|Title||Bioinformatics assisted breeding, from QTL to candidate genes|
|Source||University. Promotor(en): Richard Visser, co-promotor(en): Richard Finkers. - S.l. : s.n. - ISBN 9789461737366 - 149|
Laboratory of Plant Breeding
|Publication type||Dissertation, internally prepared|
|Keyword(s)||plantenveredeling - bio-informatica - moleculaire veredeling - marker assisted breeding - loci voor kwantitatief kenmerk - genetische kartering - gegevensverwerking - ontologieën - plant breeding - bioinformatics - molecular breeding - quantitative trait loci - genetic mapping - data processing - ontologies|
|Categories||Plant Breeding and Genetics (General) / Molecular Breeding|
Over the last decade, the amount of data generated by a single run of a NGS sequencer outperforms days of work done with Sanger sequencing. Metabolomics, proteomics and transcriptomics technologies have also involved producing more and more information at an ever faster rate. In addition, the number of databases available to biologists and breeders is increasing every year. The challenge for them becomes two-fold, namely: to cope with the increased amount of data produced by these new technologies and to cope with the distribution of the information across the Web. An example of a study with a lot of ~omics data is described in Chapter 2, where more than 600 peaks have been measured using liquid chromatography mass-spectrometry (LCMS) in peel and flesh of a segregating F1apple population. In total, 669 mQTL were identified in this study. The amount of mQTL identified is vast and almost overwhelming. Extracting meaningful information from such an experiment requires appropriate data filtering and data visualization techniques. The visualization of the distribution of the mQTL on the genetic map led to the discovery of QTL hotspots on linkage group: 1, 8, 13 and 16. The mQTL hotspot on linkage group 16 was further investigated and mainly contained compounds involved in the phenylpropanoid pathway. The apple genome sequence and its annotation were used to gain insight in genes potentially regulating this QTL hotspot. This led to the identification of the structural gene leucoanthocyanidin reductase (LAR1) as well as seven genes encoding transcription factors as putative candidates regulating the phenylpropanoid pathway, and thus candidates for the biosynthesis of health beneficial compounds. However, this study also indicated bottlenecks in the availability of biologist-friendly tools to visualize large-scale QTL mapping results and smart ways to mine genes underlying QTL intervals.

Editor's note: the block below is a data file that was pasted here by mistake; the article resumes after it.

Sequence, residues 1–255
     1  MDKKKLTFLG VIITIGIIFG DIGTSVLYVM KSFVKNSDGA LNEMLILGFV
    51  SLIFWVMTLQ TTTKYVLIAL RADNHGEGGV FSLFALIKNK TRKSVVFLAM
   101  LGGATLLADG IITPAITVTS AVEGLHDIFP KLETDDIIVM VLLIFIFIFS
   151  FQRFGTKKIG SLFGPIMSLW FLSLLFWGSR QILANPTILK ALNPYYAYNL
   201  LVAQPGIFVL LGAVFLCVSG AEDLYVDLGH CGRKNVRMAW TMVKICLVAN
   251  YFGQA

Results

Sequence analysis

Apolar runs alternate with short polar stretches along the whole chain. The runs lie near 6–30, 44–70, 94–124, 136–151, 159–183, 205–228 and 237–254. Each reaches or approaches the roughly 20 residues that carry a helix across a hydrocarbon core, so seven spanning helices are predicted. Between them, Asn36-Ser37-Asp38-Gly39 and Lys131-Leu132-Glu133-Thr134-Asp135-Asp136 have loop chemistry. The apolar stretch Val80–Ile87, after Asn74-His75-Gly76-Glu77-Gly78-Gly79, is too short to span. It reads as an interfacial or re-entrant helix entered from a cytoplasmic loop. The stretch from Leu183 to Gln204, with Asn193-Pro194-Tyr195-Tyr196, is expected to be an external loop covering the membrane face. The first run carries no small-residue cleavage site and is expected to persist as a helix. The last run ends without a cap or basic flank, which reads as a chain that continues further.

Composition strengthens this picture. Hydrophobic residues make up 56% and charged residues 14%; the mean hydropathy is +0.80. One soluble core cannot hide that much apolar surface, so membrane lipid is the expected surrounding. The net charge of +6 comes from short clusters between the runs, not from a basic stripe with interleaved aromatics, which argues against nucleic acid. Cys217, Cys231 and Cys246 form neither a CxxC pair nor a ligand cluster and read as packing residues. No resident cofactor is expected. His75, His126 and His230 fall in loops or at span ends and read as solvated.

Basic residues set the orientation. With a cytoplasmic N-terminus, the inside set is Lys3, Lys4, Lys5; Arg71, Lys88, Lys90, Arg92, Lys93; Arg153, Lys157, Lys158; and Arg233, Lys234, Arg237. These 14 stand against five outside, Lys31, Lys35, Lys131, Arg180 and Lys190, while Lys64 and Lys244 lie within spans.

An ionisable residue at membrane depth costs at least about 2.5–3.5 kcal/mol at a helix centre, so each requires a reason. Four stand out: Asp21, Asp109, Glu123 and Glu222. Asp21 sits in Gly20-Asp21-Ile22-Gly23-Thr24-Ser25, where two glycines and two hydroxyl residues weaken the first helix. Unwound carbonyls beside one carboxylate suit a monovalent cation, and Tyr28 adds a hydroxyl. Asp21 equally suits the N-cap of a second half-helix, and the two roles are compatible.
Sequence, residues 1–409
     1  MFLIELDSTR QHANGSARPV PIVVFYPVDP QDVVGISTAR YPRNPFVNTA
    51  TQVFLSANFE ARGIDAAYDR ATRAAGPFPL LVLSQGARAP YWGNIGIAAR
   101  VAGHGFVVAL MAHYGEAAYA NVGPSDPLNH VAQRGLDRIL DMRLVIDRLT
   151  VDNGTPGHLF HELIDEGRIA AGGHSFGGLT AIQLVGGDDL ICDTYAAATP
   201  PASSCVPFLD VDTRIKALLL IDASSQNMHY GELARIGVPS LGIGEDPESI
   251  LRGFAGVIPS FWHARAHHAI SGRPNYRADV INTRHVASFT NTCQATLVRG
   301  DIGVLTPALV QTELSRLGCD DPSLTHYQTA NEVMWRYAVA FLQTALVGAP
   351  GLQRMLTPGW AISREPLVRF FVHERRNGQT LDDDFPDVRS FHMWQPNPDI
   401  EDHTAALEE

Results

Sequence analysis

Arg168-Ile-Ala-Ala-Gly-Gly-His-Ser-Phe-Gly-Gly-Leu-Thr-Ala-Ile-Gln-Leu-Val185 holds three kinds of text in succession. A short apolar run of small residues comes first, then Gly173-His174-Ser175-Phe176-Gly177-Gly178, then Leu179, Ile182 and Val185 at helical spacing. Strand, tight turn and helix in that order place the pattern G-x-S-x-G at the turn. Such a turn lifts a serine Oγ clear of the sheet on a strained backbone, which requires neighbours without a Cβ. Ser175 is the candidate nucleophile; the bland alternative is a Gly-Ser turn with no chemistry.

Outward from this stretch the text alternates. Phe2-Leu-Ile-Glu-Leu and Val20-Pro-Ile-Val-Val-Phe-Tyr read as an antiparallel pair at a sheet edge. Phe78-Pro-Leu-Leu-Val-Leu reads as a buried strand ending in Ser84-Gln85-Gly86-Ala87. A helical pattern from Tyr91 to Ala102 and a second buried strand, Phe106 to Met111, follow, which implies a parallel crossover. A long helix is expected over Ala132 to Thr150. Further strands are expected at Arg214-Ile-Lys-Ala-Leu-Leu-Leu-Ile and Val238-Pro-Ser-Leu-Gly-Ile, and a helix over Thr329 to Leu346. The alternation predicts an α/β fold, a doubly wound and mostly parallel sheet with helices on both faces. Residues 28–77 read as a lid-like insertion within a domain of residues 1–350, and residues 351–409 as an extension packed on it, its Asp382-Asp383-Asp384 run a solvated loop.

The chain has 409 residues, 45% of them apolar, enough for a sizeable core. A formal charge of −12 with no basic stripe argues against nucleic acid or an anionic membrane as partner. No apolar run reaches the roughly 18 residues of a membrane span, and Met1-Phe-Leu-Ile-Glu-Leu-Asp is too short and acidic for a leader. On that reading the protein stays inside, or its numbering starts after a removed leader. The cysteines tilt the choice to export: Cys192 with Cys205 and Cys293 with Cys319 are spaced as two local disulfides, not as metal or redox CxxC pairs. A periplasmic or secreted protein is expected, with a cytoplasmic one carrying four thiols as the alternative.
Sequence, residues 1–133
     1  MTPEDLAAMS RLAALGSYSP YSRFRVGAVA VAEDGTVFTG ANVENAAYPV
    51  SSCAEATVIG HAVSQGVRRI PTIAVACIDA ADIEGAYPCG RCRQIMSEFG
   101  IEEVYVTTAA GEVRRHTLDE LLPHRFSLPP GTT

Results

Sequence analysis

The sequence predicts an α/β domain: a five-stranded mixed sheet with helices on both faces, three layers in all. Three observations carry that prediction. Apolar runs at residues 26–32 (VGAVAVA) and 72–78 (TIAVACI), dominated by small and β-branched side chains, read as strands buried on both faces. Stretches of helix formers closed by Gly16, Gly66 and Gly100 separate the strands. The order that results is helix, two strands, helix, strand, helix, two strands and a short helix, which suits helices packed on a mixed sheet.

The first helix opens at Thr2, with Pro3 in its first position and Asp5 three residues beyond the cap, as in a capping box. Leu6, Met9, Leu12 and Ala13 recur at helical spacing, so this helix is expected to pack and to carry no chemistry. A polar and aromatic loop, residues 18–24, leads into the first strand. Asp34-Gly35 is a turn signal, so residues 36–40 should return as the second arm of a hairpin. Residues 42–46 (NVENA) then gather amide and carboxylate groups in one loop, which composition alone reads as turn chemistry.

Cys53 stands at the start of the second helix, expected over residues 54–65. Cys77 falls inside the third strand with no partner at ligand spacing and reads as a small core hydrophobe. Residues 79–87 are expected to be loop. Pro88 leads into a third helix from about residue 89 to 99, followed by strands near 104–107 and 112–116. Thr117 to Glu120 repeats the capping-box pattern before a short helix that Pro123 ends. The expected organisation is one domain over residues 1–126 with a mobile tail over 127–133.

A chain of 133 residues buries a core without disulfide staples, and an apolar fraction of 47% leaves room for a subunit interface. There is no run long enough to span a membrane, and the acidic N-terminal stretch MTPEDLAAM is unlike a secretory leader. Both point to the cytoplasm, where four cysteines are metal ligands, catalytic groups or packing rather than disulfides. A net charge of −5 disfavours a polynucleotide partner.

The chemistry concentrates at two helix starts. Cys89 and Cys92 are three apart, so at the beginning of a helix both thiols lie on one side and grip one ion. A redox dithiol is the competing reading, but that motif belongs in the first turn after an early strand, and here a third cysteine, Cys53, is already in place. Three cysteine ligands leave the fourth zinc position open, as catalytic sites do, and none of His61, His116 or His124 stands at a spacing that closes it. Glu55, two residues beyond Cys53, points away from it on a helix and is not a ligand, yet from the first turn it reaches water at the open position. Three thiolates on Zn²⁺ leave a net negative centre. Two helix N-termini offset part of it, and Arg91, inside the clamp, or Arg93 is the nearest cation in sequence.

In this thesis, we provide bioinformatics solutions to allow exploration of regions of interest on the genome more efficiently. In Chapter 3, we describe MQ2, a tool to visualize results of large-scale QTL mapping experiments. It allows biologists and breeders to use their favorite QTL mapping tool such as MapQTL or R/qtl and visualize the distribution of these QTL among the genetic map used in the analysis with MQ2. MQ2provides the distribution of the QTL over the markers of the genetic map for a few hundreds traits. MQ2is accessible online via its web interface but can also be used locally via its command line interface. In Chapter 4, we describe Marker2sequence (M2S), a tool to filter out genes of interest from all the genes underlying a QTL. M2S returns the list of genes for a specific genome interval and provides a search function to filter out genes related to the provided keyword(s) by their annotation. Genome annotations often contain cross-references to resources such as the Gene Ontology (GO), or proteins of the UniProt database. Via these annotations, additional information can be gathered about each gene. By integrating information from different resources and offering a way to mine the list of genes present in a QTL interval, M2S provides a way to reduce a list of hundreds of genes to possibly tens or less of genes potentially related to the trait of interest. Using semantic web technologies M2S integrates multiple resources and has the flexibility to extend this integration to more resources as they become available to these technologies.